The prices realized on Perelman and Hegarty banks emphasize the importance of condition. Bill Bertoia says, "Condition is everything in this field. It's like location in real estate." Repairs can cut values in half, and serious collectors are rarely interested in any bank retaining less than ninety percent of its original paint. In the area above ninety percent, subtle differences in condition create huge differences in value. Steven Weiss explains, "If a bank with ninety percent of its paint is worth $1,000, then one with ninety-five percent will sell for $2,000, and one that's ninety-nine percent plus may be worth $5,000." Weiss, who has been working with Davidson to sell the Hegarty banks, says, "We sold a cabin bank from Hegarty for $1,500. It's a common bank usually selling for no more than $500, but this was virtually perfect."
     The importance of paint condition has tempted some unscrupulous dealers and restorers to touch up borderline examples. Although today many serious collectors own black lights to check for original paint, expert fakers now reportedly use masking pigments that keep new paint from fluorescing under black light.
     Fakes and reproductions are also a problem. Because cast-iron is relatively easy to work with, a mold can be made from almost any real bank to produce copies only a fraction of an inch smaller than the original. Reproductions have been made since the 1930's, so older ones can be difficult to distinguish from the real thing (cheaper sand is usually used in reproductions, whose surfaces have a pebbly look, while early castings have smooth, precise details). To confuse matters further, period bank parts are "occasionally discovered,  assembled, and painted. A substantial group of such pieces was reassembled in the 1940's. As their paint ages, only experts can tell the period bank from the one assembled from period parts. Legitimate dealers, however, guarantee their banks in writing and offer buyers return privileges.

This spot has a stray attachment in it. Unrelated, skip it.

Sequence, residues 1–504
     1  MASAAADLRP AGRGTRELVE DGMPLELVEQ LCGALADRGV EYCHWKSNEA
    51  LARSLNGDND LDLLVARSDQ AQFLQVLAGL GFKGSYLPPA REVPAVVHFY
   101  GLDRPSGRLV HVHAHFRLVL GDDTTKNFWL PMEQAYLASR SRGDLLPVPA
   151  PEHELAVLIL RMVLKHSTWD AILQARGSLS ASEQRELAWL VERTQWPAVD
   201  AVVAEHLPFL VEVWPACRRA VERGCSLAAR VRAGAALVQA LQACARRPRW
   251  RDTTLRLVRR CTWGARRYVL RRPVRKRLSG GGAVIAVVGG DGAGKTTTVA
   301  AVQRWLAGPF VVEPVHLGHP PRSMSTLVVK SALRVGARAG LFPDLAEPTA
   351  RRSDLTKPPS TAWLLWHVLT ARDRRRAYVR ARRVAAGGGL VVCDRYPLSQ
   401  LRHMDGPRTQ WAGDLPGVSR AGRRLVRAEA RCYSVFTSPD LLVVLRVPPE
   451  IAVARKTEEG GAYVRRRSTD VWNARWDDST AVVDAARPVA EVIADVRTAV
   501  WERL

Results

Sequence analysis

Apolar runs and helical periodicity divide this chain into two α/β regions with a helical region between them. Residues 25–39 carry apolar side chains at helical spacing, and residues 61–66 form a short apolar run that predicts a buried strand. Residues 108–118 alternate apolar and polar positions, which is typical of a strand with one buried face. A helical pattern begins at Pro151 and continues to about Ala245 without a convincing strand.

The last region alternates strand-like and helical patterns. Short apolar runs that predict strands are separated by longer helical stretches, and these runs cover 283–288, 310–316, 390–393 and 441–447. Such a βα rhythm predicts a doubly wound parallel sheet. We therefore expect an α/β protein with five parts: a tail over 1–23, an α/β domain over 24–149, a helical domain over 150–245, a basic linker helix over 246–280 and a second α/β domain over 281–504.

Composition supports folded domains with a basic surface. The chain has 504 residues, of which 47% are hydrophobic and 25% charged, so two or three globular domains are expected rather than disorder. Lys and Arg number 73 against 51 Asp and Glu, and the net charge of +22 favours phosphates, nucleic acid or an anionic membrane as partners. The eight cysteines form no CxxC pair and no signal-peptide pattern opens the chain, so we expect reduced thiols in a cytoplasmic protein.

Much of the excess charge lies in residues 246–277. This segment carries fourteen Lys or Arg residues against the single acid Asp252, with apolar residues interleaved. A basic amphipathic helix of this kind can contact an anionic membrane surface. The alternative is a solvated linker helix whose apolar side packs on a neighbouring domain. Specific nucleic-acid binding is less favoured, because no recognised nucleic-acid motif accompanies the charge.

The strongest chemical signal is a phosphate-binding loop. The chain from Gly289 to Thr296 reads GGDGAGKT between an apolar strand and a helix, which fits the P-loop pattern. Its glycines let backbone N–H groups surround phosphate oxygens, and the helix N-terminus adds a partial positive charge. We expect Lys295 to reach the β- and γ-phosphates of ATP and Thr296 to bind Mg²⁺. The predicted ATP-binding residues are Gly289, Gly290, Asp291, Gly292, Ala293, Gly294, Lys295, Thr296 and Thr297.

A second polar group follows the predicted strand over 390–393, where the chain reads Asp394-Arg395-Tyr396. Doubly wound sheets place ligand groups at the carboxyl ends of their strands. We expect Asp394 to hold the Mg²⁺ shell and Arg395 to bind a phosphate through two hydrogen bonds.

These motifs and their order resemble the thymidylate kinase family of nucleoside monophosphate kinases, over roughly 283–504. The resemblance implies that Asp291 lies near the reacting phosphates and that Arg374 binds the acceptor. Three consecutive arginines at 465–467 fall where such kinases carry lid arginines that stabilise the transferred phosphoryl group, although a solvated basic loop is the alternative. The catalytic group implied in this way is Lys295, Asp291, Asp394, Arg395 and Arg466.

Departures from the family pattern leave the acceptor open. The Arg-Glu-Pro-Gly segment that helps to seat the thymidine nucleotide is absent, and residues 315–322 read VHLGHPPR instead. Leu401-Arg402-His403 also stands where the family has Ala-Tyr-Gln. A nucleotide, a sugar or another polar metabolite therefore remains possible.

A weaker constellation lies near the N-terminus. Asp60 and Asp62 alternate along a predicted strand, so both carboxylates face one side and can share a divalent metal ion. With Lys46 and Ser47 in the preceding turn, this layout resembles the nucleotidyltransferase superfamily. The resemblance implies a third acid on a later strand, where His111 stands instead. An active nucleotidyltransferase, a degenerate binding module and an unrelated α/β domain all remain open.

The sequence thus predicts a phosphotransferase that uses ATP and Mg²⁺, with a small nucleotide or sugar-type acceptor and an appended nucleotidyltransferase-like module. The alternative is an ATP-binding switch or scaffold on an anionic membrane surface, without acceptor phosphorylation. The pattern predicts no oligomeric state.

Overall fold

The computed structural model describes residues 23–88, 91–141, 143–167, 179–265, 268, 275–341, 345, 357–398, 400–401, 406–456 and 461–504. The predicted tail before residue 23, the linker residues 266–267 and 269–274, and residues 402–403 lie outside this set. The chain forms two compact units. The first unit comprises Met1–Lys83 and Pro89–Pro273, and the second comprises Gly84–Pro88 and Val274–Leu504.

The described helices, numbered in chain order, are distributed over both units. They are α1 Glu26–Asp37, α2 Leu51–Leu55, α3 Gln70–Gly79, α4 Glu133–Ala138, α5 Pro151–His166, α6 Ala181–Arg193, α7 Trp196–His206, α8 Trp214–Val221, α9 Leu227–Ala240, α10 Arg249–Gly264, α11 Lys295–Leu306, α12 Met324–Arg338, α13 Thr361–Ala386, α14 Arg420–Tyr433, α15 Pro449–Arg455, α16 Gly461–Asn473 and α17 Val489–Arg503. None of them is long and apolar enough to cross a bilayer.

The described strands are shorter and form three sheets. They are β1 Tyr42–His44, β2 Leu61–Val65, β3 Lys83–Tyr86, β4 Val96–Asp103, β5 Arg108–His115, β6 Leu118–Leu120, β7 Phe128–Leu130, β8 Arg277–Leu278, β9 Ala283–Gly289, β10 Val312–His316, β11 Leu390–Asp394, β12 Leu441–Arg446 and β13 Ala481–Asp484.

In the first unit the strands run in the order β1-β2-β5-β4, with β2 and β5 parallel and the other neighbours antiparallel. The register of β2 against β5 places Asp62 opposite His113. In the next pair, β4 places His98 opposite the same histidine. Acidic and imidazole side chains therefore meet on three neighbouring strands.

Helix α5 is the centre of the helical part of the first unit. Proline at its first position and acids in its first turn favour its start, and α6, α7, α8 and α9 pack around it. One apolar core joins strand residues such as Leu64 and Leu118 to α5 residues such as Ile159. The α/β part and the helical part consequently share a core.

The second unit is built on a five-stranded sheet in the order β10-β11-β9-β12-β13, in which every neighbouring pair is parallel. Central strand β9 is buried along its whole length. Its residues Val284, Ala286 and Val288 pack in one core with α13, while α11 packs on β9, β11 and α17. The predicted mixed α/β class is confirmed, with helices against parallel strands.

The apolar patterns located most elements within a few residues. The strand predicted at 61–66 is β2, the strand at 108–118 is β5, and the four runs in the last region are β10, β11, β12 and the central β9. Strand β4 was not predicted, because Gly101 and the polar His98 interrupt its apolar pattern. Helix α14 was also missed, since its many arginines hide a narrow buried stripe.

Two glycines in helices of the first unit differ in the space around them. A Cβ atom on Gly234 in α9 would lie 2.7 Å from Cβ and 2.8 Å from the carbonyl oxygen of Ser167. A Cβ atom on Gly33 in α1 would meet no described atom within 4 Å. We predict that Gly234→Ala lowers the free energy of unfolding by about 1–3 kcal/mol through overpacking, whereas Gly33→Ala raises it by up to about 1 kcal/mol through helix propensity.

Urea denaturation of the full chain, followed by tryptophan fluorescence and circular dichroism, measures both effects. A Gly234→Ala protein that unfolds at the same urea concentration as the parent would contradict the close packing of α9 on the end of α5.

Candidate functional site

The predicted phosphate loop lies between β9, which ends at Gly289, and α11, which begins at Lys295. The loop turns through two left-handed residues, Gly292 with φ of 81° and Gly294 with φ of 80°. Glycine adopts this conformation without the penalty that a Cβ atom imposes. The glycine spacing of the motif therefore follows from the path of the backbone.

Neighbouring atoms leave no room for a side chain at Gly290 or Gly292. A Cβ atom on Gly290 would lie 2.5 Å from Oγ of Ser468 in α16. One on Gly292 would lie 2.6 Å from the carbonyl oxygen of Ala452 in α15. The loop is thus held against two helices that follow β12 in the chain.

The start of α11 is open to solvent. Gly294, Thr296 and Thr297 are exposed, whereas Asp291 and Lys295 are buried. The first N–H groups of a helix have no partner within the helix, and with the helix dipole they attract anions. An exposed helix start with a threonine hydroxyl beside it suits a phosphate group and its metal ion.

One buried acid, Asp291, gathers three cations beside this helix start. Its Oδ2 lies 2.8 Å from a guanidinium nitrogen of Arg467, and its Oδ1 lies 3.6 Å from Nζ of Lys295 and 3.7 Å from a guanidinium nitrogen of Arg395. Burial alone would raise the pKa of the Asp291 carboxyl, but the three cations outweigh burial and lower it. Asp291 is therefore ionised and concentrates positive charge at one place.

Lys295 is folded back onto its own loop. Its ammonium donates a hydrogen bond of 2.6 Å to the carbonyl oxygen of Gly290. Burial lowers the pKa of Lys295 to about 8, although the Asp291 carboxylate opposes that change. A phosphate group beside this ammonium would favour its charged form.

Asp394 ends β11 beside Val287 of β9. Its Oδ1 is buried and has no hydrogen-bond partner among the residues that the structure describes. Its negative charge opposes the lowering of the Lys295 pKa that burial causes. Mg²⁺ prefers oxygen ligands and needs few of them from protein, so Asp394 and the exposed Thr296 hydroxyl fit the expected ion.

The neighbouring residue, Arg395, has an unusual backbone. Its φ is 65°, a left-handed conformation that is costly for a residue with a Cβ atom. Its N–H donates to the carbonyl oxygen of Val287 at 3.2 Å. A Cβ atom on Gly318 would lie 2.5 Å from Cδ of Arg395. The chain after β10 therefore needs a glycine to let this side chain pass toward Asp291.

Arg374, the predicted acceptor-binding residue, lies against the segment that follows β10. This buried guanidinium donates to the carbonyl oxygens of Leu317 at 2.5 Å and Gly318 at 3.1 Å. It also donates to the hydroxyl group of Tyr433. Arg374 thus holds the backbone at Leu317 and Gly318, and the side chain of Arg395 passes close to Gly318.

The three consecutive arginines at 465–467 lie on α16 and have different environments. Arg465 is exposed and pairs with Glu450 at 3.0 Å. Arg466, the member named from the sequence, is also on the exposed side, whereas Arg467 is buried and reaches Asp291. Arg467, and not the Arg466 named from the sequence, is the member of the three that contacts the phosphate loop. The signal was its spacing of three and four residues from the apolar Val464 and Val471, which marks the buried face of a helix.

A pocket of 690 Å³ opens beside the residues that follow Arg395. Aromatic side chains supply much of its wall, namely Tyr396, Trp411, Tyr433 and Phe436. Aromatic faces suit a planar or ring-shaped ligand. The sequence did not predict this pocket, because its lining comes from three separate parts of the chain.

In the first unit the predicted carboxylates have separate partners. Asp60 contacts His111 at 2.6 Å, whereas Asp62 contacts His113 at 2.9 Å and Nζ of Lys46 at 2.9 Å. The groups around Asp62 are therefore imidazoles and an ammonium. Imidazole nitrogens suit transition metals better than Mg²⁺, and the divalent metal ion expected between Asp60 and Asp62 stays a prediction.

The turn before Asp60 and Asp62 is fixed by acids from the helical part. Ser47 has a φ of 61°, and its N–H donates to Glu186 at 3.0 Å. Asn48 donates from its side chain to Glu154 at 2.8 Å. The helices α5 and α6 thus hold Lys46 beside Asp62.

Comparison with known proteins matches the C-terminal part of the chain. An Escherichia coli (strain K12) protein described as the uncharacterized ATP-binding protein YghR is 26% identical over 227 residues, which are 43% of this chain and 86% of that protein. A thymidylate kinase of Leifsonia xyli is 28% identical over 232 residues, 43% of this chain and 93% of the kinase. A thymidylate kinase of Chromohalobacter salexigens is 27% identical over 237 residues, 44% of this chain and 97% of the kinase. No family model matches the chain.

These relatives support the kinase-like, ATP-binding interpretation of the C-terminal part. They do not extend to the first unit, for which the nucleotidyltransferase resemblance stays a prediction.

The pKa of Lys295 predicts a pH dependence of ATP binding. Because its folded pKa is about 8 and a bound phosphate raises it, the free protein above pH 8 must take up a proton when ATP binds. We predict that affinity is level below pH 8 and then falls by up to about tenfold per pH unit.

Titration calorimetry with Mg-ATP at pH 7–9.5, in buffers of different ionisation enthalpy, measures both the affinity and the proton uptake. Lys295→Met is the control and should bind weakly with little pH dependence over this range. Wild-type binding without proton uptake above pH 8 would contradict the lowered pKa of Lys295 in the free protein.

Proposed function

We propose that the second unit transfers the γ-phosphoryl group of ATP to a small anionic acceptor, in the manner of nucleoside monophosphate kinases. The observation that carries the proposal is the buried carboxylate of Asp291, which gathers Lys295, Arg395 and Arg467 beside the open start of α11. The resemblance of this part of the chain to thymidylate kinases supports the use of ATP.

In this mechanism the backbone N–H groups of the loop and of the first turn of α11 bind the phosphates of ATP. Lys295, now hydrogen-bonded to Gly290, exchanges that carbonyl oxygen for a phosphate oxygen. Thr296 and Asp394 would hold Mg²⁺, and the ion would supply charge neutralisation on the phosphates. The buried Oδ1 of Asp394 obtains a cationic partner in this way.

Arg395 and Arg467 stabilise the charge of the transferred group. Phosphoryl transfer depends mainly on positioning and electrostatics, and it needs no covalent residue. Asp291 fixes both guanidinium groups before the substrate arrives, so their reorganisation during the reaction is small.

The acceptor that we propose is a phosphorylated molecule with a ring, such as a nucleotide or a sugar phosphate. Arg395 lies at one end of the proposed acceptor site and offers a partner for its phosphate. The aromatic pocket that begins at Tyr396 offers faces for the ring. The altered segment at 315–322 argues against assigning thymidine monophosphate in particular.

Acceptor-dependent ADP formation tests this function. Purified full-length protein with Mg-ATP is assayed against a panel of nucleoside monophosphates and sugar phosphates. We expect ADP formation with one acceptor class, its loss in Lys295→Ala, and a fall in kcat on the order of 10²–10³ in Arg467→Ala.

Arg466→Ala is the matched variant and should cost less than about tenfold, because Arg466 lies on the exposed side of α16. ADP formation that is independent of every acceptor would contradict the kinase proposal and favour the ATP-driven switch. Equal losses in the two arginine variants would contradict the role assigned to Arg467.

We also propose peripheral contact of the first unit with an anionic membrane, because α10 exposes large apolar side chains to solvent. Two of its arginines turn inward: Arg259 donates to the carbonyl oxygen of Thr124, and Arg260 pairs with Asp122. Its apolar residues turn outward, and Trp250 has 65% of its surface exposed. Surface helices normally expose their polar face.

The best advice for new collectors is to go slowly. "I'd advise people to spend a year reading and attending toy shows before they buy their first bank," says one collector. Successful collectors must learn the peculiarities and history of each bank: how common it is; how its details differ from those on reproductions of the same bank; when a paint color is rare. One common bank, for instance, features a dark painted mule; but the firm also made a small number with white mules. While the standard version of that bank sells for $350, the rare variant can bring $3,500.
     It may be too early to tell what effect all the activity will ultimately have on prices. At one recent auction, mediocre banks brought mediocre prices, while good banks brought high prices. For the moment, prices of the most expensive banks seem to have leveled off. Three Freedman's banks, for instance, have sold in the past year, all of them in the $200,000 to $250,000 range.
     High prices at the top (and attendant publicity) seem to be raising prices at lower levels. Don Markey says, "Banks worth $3,500 are now bringing $9,500. And just the other day, I got $1,000 for an owl bank that turns its head. Not long ago I was getting $100 to $150 for it." Markey says that new collectors are attracted to colorful banks featuring lots of action, which are often found in the lower reaches of the market because they were popular in their day and are now common. As Steckbeck says, "If you needed twenty-five Tammany banks [which depict a fat politician consuming money], I could get them in a week. And if I pointed to my ten rarest banks, you'd say, 'Those are really dumb.' That's why they're rare; they weren't popular in their own time."
     Just now, though, every mechanical bank seems to be popular. In today's market, the rarest of all banks would be the one that nobody wanted.